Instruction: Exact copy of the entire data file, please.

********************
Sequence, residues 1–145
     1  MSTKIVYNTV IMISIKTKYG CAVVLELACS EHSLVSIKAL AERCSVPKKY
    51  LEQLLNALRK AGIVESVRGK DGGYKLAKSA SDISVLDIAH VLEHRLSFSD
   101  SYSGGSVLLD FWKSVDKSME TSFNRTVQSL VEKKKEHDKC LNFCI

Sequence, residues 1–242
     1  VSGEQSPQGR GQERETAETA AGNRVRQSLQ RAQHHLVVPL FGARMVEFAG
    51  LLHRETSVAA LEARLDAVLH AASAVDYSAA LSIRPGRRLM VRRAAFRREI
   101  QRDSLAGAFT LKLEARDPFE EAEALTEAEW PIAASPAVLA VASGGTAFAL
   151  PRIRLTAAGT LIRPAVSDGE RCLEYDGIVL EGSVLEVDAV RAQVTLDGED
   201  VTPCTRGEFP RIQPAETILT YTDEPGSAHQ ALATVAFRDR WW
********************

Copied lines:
Sequence, residues 1–145
     1  MSTKIVYNTV IMISIKTKYG CAVVLELACS EHSLVSIKAL AERCSVPKKY
    51  LEQLLNALRK AGIVESVRGK DGGYKLAKSA SDISVLDIAH VLEHRLSFSD
   101  SYSGGSVLLD FWKSVDKSME TSFNRTVQSL VEKKKEHDKC LNFCI

Sequence, residues 1–242
     1  VSGEQSPQGR GQERETAETA AGNRVRQSLQ RAQHHLVVPL FGARMVEFAG
    51  LLHRETSVAA LEARLDAVLH AASAVDYSAA LSIRPGRRLM VRRAAFRREI
   101  QRDSLAGAFT LKLEARDPFE EAEALTEAEW PIAASPAVLA VASGGTAFAL
   151  PRIRLTAAGT LIRPAVSDGE RCLEYDGIVL EGSVLEVDAV RAQVTLDGED
   201  VTPCTRGEFP RIQPAETILT YTDEPGSAHQ ALATVAFRDR WW